Disaster relief team heads north to clean up mess

Published 4:21 pm Thursday, February 12, 2009

Early next Thursday morning, Stephen Gladstone and four others plan to hop in a truck and head north toward Richmond, Ky.

“The community we plan to help out has a lot of older people who really need our assistance,” he said. “From what I understand, it’s pretty torn up.”

The crew will have a seven-hour trek to help them prepare for the damage they’ll find. At the end of January, an ice storm hit the state. The storm was attributed to more than 30 deaths. It left 50,000 people, scattered across 101 counties and 75 cities, without power.

Gladstone said he knows what to expect, to an extent.

Downed power lines, mucky conditions and frustrated families all tend to be on the agenda after an ice storm. The Shelby Baptist Association’s disaster recovery team stepped in to help families last year in Missouri. About five volunteers traveled to Holts Summit, Mo., directly after a storm crippled that town.

There, they found tree limbs that had been broken off by the weight of icicles that formed. Just getting one limb out of the way took a lot of chainsaw work. Gladstone said this time things will be a bit different.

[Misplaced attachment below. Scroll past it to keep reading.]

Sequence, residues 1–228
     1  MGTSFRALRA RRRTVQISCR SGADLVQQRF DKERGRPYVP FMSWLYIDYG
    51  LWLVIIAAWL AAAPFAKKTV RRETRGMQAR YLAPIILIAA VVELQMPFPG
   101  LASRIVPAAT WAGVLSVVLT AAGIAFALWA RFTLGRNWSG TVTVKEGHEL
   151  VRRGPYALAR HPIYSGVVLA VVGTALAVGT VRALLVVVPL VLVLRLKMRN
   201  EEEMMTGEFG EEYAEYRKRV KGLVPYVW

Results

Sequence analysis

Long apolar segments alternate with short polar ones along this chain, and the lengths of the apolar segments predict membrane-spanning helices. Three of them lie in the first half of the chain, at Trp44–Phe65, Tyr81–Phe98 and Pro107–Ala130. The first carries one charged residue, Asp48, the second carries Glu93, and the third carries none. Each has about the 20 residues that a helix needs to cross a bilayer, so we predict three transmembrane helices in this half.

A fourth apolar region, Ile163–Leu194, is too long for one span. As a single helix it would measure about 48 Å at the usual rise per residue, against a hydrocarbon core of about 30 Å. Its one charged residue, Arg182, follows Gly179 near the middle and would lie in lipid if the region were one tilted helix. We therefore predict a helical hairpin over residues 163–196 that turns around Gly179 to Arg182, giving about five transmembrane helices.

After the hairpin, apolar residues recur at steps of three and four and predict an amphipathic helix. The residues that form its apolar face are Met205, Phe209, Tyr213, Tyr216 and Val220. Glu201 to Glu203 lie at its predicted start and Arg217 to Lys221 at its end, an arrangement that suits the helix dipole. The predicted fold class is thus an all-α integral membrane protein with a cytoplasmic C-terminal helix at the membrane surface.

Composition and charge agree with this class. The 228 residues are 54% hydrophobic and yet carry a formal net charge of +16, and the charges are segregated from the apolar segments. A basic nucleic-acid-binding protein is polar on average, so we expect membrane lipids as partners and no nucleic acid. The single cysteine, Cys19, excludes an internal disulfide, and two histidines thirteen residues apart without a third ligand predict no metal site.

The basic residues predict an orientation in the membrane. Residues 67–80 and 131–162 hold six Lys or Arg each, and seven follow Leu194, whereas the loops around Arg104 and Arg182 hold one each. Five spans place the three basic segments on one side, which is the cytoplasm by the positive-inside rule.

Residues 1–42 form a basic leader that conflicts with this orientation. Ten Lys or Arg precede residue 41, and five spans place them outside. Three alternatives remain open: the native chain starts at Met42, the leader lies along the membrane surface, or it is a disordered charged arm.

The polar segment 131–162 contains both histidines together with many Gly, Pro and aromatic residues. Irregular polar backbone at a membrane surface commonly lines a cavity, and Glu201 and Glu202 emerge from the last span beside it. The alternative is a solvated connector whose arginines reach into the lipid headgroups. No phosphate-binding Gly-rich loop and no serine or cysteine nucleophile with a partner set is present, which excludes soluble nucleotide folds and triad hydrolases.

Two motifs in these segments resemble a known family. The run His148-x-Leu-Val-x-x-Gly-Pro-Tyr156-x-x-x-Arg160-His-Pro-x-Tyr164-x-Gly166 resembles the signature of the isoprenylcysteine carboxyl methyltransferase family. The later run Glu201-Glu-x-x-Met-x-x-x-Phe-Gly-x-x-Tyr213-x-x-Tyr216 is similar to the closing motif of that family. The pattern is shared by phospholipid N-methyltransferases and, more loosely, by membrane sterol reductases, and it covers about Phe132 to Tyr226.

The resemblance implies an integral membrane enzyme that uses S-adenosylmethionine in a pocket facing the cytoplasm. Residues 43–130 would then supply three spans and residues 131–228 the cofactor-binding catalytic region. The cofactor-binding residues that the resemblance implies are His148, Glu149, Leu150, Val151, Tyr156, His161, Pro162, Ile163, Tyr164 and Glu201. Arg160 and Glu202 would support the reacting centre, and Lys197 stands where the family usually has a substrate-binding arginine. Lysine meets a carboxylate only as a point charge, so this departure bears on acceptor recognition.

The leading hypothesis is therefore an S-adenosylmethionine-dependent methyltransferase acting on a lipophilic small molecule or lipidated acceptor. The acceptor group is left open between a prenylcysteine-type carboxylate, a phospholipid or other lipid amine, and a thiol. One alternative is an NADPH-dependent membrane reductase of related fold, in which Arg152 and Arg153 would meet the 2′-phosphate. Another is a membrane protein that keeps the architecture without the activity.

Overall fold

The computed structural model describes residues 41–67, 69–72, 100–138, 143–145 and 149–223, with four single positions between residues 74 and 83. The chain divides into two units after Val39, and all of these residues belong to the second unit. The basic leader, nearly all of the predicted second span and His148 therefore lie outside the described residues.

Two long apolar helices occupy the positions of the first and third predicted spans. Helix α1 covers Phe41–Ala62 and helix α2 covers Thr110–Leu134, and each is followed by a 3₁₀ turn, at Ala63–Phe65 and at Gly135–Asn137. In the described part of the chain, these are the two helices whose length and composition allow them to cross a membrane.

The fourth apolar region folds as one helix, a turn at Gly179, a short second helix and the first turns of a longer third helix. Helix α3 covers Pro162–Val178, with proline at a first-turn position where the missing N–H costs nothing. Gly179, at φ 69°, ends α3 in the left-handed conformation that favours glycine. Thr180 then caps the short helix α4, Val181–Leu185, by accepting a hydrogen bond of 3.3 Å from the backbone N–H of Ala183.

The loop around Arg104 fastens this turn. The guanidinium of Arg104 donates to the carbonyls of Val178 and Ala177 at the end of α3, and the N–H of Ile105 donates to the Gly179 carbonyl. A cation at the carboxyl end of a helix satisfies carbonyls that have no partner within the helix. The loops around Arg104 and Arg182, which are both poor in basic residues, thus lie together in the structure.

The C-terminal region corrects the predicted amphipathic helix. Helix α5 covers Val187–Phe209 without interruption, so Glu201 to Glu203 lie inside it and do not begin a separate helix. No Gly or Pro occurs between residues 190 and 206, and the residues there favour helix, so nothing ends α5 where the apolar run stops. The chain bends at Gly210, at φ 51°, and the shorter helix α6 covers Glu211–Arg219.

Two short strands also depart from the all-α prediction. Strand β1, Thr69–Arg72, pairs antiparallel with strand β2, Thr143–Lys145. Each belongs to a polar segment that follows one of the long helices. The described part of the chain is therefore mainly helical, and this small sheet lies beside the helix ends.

Kentucky’s storm passed through about two weeks ago. So, even though the ice has melted away, it has left mud-filled yards in its tracks.

Gladstone said when they arrive, they will be assigned to clean-up work. These duties can range from picking up broken limbs to dragging a more than 150-year-old tree off of a house.

“A level one home is where trees are on top of the home and there are branches in the living room,” Gladstone explained. “I doubt there’ll be much ice left, but we’ll have other challenges.”

To help push past those challenges, especially the century-old trees, Gladstone plans to take a Bobcat tractor. He’ll also try and take multiple volunteers. Every volunteer that provides services with the disaster relief team must be certified to do so.

Gladstone said it could sometimes be a dangerous effort. When it’s not that, it is a tiresome effort. The volunteers usually try and tackle at least two projects a day. If you are a trained volunteer, and think you might be able to be of help, call Gladstone at 612-6260.